This College Student 3-D Printed Orthodontics to Fix His Crooked Teeth

This College Student 3-D Printed Orthodontics to Fix His Crooked Teeth
Source: AP
Source: AP

If you didn't know by now, 3-D printing is the answer to absolutely everything ever. So given the paralyzing prices of orthodontia, it makes sense that Amos Dudley, a 24-year-old digital design student at New Jersey Institute of Technology, 3-D printed his own Invisalign-type devices to straighten his teeth. 

"I had an amazing realization last year — I wasn't smiling, and it was because I was unhappy with my teeth," Dudley wrote on his blog in March. "By avoiding smiling, I was dampening my own potential for spontaneous happiness!"

Read more: Goldfish Gets Tiny Goldfish Braces on Its Tiny Goldfish Face

He took matters into his own hands. "It probably only worked in large part because of luck and good initial conditions," Dudley told NPR. "But if there's an idea you have, you just have to try it out." Even if that idea is DIY dentistry.

Source: Giphy

He started with a bag of internet-ordered putty and "pretty much just read the instructions on the back of the bag" to make a mold of his teeth, he told NPR. Dudley translated the physical impression to the computer using a laser scanner, and then used calculations to project how his teeth would need to move. Finally, he 3-D printed those models and, by "melting thin sheets of plastic" over them, made roughly 12 aligners, according to NPR.

"I basically would wear them between one and three weeks each," Dudley said. "I sort of knew to stop wearing a retainer when they no longer felt like they were exerting pressure on my teeth."

NPR spoke with an orthodontics professor, who cautioned against homemade orthodontics for the non-technically gifted among us, saying "decay or bone disease" in Dudley's teeth could have derailed the endeavor.

As it stands, though, the college student seems to have saved big bucks on a better smile, and now he has a job at a 3-D printing company. He wins.

Source: Giphy

How much do you trust the information in this article?

Claire Lampen

Claire is a staff writer at Mic who covers women's issues and reproductive rights. She is based in New York and can be reached at claire@mic.com.

MORE FROM

Senate bill would make it a federal crime to boycott Israeli settlements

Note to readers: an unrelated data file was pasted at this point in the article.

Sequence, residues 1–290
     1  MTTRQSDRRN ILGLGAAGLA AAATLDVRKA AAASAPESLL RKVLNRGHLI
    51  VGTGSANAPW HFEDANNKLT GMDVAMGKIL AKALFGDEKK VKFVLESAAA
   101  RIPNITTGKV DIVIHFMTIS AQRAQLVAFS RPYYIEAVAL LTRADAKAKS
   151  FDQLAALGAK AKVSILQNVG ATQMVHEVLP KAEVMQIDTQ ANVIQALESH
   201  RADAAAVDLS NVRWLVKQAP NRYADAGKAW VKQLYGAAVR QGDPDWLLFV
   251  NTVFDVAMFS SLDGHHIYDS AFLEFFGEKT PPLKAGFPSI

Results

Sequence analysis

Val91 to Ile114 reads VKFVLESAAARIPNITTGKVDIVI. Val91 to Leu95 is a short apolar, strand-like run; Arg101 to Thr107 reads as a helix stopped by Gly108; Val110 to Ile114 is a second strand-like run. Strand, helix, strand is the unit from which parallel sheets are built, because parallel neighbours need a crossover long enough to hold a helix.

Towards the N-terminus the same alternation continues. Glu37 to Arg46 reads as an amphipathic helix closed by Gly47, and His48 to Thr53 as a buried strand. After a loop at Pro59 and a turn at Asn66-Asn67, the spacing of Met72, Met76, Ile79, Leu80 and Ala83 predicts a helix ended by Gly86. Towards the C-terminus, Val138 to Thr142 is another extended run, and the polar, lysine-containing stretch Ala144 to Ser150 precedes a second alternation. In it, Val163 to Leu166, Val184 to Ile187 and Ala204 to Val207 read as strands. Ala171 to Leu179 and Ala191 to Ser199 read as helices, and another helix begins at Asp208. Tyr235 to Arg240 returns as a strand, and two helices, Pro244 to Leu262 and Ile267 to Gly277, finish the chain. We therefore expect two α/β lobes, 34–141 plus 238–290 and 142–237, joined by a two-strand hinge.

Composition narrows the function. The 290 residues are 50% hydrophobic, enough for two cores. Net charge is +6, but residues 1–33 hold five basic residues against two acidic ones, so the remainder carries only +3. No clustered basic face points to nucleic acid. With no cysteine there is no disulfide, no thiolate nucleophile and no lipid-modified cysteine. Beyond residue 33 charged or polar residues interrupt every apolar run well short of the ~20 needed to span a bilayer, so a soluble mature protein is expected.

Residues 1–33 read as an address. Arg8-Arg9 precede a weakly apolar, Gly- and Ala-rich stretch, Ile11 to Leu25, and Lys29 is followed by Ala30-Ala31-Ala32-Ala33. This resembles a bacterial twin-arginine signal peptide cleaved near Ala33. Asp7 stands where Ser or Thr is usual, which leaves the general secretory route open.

The Israel Anti-Boycott Act (S. 720) would make it a felony to support international efforts to boycott Israeli occupation.

3 takeaways from Jon Huntsman’s nomination as ambassador to Russia

Huntsman may be a steady hand on the wheel — but with little direction and Russia expertise, Trump's nominee has a challenging road ahead.

Hundreds expect to be arrested during D.C. health care protests

One organizer said "600 people or so" had signed up to be arrested.

The truth about what cycling in the Tour de France does to your body

Is that normal? Let some experts explain.

Who is Jon Huntsman? Here’s what to know about Trump’s pick for ambassador to Russia.

The former Utah governor comes to the position with ambassadorial experience — and a fraught history with Trump.

Senate bill would make it a federal crime to boycott Israeli settlements

The Israel Anti-Boycott Act (S. 720) would make it a felony to support international efforts to boycott Israeli occupation.

3 takeaways from Jon Huntsman’s nomination as ambassador to Russia

Huntsman may be a steady hand on the wheel — but with little direction and Russia expertise, Trump's nominee has a challenging road ahead.

Hundreds expect to be arrested during D.C. health care protests

One organizer said "600 people or so" had signed up to be arrested.

The truth about what cycling in the Tour de France does to your body

Is that normal? Let some experts explain.

Who is Jon Huntsman? Here’s what to know about Trump’s pick for ambassador to Russia.

The former Utah governor comes to the position with ambassadorial experience — and a fraught history with Trump.